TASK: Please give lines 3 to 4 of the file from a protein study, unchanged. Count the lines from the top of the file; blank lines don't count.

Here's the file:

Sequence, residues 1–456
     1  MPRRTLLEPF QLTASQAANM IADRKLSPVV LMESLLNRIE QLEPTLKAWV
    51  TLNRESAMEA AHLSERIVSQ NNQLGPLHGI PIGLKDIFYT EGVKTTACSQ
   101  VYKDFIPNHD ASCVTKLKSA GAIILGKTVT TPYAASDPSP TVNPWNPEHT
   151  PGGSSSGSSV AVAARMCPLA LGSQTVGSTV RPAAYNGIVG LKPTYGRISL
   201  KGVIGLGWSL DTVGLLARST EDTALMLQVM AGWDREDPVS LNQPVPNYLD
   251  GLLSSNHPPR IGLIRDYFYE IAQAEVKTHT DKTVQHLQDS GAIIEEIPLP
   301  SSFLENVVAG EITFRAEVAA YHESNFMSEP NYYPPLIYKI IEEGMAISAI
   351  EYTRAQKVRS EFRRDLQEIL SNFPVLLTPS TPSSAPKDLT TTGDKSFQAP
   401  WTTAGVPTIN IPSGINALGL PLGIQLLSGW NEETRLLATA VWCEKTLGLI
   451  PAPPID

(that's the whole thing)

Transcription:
    51  TLNRESAMEA AHLSERIVSQ NNQLGPLHGI PIGLKDIFYT EGVKTTACSQ
   101  VYKDFIPNHD ASCVTKLKSA GAIILGKTVT TPYAASDPSP TVNPWNPEHT